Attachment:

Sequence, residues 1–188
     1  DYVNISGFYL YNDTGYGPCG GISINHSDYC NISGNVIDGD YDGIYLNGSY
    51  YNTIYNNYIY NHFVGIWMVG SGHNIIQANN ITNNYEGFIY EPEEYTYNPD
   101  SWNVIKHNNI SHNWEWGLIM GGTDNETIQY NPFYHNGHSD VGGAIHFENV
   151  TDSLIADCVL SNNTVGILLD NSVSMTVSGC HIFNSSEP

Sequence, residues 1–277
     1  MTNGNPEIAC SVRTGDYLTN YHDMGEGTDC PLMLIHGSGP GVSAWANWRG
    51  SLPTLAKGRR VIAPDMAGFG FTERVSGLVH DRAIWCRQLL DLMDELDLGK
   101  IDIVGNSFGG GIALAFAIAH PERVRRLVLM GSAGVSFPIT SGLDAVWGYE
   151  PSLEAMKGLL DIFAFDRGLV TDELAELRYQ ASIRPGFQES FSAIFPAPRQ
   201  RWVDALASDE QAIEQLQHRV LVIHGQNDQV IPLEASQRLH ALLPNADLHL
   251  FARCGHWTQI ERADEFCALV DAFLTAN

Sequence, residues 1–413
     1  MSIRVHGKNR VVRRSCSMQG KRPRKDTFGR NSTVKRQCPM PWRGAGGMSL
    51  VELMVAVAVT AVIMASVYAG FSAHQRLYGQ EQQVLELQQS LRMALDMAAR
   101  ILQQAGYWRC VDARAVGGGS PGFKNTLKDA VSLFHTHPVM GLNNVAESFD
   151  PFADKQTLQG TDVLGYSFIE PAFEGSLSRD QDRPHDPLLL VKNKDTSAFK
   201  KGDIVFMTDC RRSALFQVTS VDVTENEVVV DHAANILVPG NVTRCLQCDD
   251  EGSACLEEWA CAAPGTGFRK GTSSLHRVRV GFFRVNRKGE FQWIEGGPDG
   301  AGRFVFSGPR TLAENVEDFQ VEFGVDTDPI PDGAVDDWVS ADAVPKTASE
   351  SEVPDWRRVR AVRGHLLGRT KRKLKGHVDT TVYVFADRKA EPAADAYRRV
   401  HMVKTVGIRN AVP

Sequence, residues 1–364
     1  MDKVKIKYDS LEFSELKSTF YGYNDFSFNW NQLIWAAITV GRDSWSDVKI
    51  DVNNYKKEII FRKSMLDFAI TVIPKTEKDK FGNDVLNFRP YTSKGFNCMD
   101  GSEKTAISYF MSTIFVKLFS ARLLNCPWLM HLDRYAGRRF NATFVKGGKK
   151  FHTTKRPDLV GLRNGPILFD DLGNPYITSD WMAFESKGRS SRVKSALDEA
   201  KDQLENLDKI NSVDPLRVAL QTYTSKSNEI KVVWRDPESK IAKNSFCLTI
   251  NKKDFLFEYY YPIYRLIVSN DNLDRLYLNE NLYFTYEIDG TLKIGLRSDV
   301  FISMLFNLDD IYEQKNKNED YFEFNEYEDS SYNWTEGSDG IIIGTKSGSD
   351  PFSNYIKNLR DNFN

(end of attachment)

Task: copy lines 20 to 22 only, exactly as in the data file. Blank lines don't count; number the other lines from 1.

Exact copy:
   301  AGRFVFSGPR TLAENVEDFQ VEFGVDTDPI PDGAVDDWVS ADAVPKTASE
   351  SEVPDWRRVR AVRGHLLGRT KRKLKGHVDT TVYVFADRKA EPAADAYRRV
   401  HMVKTVGIRN AVP